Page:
The more money you contribute to your retirement plans early on, the more your money will grow by the time you’re ready to retire. When saving for retirement, experts generally recommend stashing away 15% of your pre-tax income annually. But if you want to retire early, you’ll need to contribute even more.

You might consider going beyond just matching your employer contribution and trying to contribute up to the 401(k) limit. If you still have money to save, open an IRA in addition. If you’re self-employed, you can use a SEP IRA, which has much higher contribution limits.


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Every dollar you spend provides an opportunity to earn cashback and rewards, which can help you save more of your income for retirement. There’s no reason not to use a rewards card for all your purchases. There are plenty of annual fee-free cards to choose from, but you might also consider premium cards if you know the benefits, perks and rewards can offset the annual fee.

Which card will be the best rewards credit card for you will depend on your lifestyle and spending habits. And don’t be afraid to have multiple credit cards to make the most of different spending categories. Just make sure you pay your balance off each month to avoid any interest charges.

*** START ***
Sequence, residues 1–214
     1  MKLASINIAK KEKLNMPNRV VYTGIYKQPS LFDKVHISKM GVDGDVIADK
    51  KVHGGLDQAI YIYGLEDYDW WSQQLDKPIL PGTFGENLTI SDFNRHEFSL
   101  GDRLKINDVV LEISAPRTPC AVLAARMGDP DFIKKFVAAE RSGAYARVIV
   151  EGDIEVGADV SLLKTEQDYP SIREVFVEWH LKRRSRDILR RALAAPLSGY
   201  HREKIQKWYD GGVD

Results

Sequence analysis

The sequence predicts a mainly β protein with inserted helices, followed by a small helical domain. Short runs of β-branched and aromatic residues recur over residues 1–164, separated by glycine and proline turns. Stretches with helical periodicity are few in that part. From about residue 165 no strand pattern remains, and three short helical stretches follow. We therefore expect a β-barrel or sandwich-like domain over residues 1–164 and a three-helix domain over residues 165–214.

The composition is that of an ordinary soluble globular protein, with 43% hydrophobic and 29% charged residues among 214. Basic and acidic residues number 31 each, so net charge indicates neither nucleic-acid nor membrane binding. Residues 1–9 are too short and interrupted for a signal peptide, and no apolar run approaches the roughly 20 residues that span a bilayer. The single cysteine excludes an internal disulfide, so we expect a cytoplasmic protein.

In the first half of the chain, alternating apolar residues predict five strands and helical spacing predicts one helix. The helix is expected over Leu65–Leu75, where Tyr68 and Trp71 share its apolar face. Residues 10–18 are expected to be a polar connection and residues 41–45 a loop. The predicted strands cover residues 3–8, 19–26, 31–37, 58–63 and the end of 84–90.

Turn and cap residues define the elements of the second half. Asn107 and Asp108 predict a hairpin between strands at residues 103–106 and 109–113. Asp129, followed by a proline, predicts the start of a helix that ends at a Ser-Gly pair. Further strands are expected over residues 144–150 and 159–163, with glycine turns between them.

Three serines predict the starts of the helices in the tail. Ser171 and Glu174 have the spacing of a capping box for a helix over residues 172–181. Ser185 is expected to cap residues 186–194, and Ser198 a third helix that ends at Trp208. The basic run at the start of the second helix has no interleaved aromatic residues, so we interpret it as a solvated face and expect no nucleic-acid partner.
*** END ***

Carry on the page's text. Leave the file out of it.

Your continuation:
If you have fair or bad credit, you may not be able to get a low enough rate on a personal loan to consolidate your debt, and you won’t qualify for a balance transfer card, either. But you can use a debt repayment strategy to get out of debt faster and start saving more.

The debt avalanche method involves prioritizing your highest-interest debt while keeping up with the minimum payments on all your other bills. Once you’ve paid off your highest-interest debt, whether that’s a credit card or a payday loan, you’ll move to the next highest-interest debt on the list.


Why not get paid for the shopping you already do? With Ibotta, you can get automatic cash back for your online shopping when you use the browser extension or mobile app, and there are a few in-store options as well: